Gene pool

Which consequently leads us to psychoanalyst Sigmund Freud. Many see the aversion to an intimate relationship with kin as a natural mechanism of evolution that helps to preserve the gene pool and avoid defective genes, culminating in fears of a “contaminated gene pool” and shorter lifespan of children borne of incestuous unions, as well as birth defects.

Many researchers hold the view that we all have a “kin recognition ability” that helps us to avoid incest. But if Freud’s idea is anything to go by, it seems that we all have desires for our family members, and it is only the laws of society that keep us in check.

But of course Finnish anthropologist Edward Westermarck countered that a natural aversion occurs between persons who spend their childhood years growing up together. This is supported by the fact that most cases of incest occur between family members who have not seen each other for years.

The Shim-pua marriages in China also demonstrated the “Westermarck effect”, where young girls were sold to rich families for marriage, but husband and wife (having grown up together) lacked sexual attraction for each other.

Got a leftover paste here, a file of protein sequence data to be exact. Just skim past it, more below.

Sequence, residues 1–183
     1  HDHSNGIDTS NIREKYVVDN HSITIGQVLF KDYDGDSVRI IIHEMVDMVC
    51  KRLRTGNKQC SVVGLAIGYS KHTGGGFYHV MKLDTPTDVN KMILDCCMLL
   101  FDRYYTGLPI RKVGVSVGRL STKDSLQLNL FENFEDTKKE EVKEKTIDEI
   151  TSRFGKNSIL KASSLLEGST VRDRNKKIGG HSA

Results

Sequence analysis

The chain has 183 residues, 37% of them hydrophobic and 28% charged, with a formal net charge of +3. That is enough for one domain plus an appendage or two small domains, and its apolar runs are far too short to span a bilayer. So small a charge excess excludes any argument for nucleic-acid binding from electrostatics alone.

While early incest laws (especially in the United States) were created mostly for religious reasons, today the reasons for incest prohibition centres on the fear of genetic defects in children produced by such unions.

In the case of the Austrian “crime of a monster”, the seventh child, a twin, died shortly after birth, while one of the surviving children is epileptic. And in the Australian case, the Deaves’ first child also died after birth, from congenital heart disease. However, none of the aforementioned has been proven to be the direct result of the incestuous unions.

Members of a family have similarities genetically, which include recessive genes that cause defects and diseases. The risk of birth defects is therefore higher in incestuous relationships. And these recessive genes will have more opportunities to double and become a danger if inbreeding were allowed to continue for a few generations.

But scientists have rejected the explanation that incest taboo is a social mechanism that reduces the risk of congenital birth defects. One of the reasons is, findings have concluded that recessive or defect-carrying genes in a population may increase or decrease in instances of inbreeding. The frequency of birth defects depends on the availability and effectiveness of healthcare in a population.